0
We're unable to sign you in at this time. Please try again in a few minutes.
Retry
We were able to sign you in, but your subscription(s) could not be found. Please try again in a few minutes.
Retry
There may be a problem with your account. Please contact the AMA Service Center to resolve this issue.
Contact the AMA Service Center:
Telephone: 1 (800) 262-2350 or 1 (312) 670-7827  *   Email: subscriptions@jamanetwork.com
Error Message ......
Editorial |

Statin Use and Brain Hemorrhage Real Risk or Unfounded Fear?

Marco A. Gonzalez-Castellon, MD1; Randolph S. Marshall, MD, MS1
[+] Author Affiliations
1Division of Stroke, Department of Neurology, Columbia University Medical Center, New York, New York
JAMA Neurol. 2014;71(11):1353-1354. doi:10.1001/jamaneurol.2014.2463.
Text Size: A A A
Published online

Extract

The relationship between statin use and intracerebral hemorrhage (ICH) has not been definitively established. Studies show both benefit and detriment. Statins may decrease the level of platelet aggregation and thrombogenesis and thus worsen an ICH, but they also modulate the immune system, inhibit the inflammatory process, and improve cerebral blood flow, promoting neuroprotection and tissue recovery. Despite physiological and clinical evidence on both sides of the argument, the idea that statins should be avoided whenever brain hemorrhage is involved has permeated stroke practice. Indeed, early and more recent epidemiological studies have shown a convincing inverse association between low levels of low-density lipoprotein cholesterol and the risk of hemorrhagic stroke.1 Whether this association can be applied to patients treated with statins is less clear. Is the fear of statin use for ICH justified? What is the basis on which clinicians have come to avoid statins for their hemorrhage risk, and how should this information guide our practice in light of newer evidence? Part of the confusion arises from a lack of clarity of the association between statin use and hemorrhage under different ICH etiologies. The pathophysiology may be quite different if the brain hemorrhage occurs in the setting of ischemic stroke vs after thrombolytic therapy, in hypertensive ICH, or in other conditions such as amyloid angiopathy.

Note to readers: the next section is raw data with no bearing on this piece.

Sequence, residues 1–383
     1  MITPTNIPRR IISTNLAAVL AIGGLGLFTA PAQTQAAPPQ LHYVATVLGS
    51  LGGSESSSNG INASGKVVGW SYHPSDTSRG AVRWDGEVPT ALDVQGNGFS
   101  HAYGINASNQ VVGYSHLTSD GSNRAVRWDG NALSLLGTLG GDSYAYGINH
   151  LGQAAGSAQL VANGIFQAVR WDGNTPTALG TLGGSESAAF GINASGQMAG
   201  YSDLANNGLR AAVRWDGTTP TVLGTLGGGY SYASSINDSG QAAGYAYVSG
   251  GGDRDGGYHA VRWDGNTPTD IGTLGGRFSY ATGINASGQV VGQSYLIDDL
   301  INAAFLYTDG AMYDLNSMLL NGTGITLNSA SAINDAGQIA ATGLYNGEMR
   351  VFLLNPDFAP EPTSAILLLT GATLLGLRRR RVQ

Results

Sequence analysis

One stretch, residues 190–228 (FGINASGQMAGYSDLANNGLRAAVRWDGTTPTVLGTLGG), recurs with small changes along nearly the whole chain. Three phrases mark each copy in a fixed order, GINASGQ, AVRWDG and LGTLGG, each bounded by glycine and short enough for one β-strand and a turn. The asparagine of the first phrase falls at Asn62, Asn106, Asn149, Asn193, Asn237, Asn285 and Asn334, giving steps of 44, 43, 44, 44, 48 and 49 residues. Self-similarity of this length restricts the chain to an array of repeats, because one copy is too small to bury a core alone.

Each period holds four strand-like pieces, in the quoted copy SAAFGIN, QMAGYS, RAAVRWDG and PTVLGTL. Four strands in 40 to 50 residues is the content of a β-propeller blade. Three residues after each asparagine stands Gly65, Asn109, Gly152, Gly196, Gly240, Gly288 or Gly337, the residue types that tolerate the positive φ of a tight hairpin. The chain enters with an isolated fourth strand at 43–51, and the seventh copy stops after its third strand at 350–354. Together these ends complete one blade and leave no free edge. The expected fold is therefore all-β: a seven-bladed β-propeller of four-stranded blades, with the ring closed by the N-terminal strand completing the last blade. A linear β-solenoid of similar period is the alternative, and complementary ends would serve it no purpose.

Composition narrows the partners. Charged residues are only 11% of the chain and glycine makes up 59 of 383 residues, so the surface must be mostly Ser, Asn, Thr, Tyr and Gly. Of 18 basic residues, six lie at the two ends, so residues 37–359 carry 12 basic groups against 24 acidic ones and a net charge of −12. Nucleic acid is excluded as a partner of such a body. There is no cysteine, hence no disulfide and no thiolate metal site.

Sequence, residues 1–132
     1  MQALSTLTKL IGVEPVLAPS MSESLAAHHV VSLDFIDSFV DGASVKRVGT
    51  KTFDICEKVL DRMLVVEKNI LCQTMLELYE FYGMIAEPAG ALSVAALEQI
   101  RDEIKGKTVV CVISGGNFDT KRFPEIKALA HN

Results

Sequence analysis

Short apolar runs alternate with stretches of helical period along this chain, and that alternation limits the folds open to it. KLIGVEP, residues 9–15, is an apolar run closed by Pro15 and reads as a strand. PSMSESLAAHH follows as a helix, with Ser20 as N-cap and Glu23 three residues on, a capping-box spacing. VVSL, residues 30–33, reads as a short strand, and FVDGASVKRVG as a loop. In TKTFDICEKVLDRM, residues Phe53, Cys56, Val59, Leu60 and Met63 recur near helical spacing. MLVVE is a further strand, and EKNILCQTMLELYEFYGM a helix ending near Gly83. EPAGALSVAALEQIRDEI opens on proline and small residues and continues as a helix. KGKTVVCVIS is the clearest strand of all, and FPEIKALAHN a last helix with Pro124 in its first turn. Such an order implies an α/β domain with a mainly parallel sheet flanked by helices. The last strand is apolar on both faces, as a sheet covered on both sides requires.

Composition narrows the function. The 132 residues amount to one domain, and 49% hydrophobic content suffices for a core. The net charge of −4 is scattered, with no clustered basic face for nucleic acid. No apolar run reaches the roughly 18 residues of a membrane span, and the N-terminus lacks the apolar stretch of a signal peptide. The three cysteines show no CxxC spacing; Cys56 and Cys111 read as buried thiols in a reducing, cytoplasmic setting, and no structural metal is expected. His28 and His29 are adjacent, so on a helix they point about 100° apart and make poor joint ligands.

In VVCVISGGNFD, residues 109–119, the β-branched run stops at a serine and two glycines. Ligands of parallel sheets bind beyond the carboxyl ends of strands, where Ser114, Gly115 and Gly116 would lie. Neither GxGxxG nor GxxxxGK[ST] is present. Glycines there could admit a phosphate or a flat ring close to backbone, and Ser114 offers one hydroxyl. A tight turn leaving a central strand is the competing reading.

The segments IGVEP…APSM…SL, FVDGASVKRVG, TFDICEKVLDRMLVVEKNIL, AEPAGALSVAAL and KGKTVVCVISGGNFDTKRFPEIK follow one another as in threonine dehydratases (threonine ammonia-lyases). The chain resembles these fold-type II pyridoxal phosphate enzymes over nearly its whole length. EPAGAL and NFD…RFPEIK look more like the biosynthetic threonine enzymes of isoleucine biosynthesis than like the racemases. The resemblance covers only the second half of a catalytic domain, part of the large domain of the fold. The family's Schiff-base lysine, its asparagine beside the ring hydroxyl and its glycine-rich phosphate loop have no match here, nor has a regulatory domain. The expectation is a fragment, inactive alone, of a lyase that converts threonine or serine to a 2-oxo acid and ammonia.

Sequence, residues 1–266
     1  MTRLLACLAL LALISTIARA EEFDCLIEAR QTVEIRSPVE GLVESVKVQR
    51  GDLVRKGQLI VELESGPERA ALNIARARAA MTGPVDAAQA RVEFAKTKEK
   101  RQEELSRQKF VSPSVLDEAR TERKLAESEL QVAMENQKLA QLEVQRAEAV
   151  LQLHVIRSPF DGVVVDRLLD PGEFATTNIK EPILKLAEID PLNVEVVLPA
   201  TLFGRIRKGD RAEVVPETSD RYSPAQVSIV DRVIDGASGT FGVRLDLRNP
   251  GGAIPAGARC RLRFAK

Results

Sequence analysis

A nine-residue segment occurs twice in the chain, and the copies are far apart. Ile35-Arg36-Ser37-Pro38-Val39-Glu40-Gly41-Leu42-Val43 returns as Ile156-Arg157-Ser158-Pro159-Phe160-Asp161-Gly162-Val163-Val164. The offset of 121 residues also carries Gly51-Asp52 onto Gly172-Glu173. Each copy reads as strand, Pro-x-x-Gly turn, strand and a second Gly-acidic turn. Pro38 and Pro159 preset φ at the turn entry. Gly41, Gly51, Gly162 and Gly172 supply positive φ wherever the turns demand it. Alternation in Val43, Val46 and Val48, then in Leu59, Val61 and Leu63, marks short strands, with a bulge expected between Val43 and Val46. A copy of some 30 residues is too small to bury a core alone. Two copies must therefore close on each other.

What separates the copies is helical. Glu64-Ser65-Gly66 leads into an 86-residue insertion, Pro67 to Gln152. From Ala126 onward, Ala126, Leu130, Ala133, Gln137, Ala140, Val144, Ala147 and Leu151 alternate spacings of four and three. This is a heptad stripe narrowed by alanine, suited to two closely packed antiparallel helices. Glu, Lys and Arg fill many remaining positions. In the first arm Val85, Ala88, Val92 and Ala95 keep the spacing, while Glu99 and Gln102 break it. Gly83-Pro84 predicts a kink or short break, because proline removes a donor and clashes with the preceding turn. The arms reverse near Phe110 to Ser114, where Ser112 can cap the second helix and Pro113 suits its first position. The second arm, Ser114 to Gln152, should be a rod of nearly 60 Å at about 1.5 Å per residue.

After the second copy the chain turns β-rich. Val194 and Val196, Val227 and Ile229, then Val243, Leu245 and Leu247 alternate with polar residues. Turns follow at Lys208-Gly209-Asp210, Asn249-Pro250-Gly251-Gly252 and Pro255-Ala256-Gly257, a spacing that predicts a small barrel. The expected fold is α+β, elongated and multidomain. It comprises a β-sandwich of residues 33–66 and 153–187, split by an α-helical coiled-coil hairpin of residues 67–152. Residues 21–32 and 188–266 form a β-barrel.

Sign in

Purchase Options

• Buy this article
• Subscribe to the journal
• Rent this article ?

First Page Preview

View Large
First page PDF preview

Figures

Tables

References

Correspondence

CME
Also Meets CME requirements for:
Browse CME for all U.S. States
Accreditation Information
The American Medical Association is accredited by the Accreditation Council for Continuing Medical Education to provide continuing medical education for physicians. The AMA designates this journal-based CME activity for a maximum of 1 AMA PRA Category 1 CreditTM per course. Physicians should claim only the credit commensurate with the extent of their participation in the activity. Physicians who complete the CME course and score at least 80% correct on the quiz are eligible for AMA PRA Category 1 CreditTM.
Note: You must get at least of the answers correct to pass this quiz.
Please click the checkbox indicating that you have read the full article in order to submit your answers.
Your answers have been saved for later.
You have not filled in all the answers to complete this quiz
The following questions were not answered:
Sorry, you have unsuccessfully completed this CME quiz with a score of
The following questions were not answered correctly:
Commitment to Change (optional):
Indicate what change(s) you will implement in your practice, if any, based on this CME course.
Your quiz results:
The filled radio buttons indicate your responses. The preferred responses are highlighted
For CME Course: A Proposed Model for Initial Assessment and Management of Acute Heart Failure Syndromes
Indicate what changes(s) you will implement in your practice, if any, based on this CME course.

Multimedia

Some tools below are only available to our subscribers or users with an online account.

1,675 Views
3 Citations
×

Sign in

Purchase Options

• Buy this article
• Subscribe to the journal
• Rent this article ?

Related Content

Customize your page view by dragging & repositioning the boxes below.

See Also...
Articles Related By Topic
Related Collections
PubMed Articles
Jobs
JAMAevidence.com

The Rational Clinical Examination: Evidence-Based Clinical Diagnosis
Stroke, Hemorrhagic

The Rational Clinical Examination: Evidence-Based Clinical Diagnosis
Make the Diagnosis: Does This Patient Have a Hemorrhagic Stroke?

brightcove.createExperiences();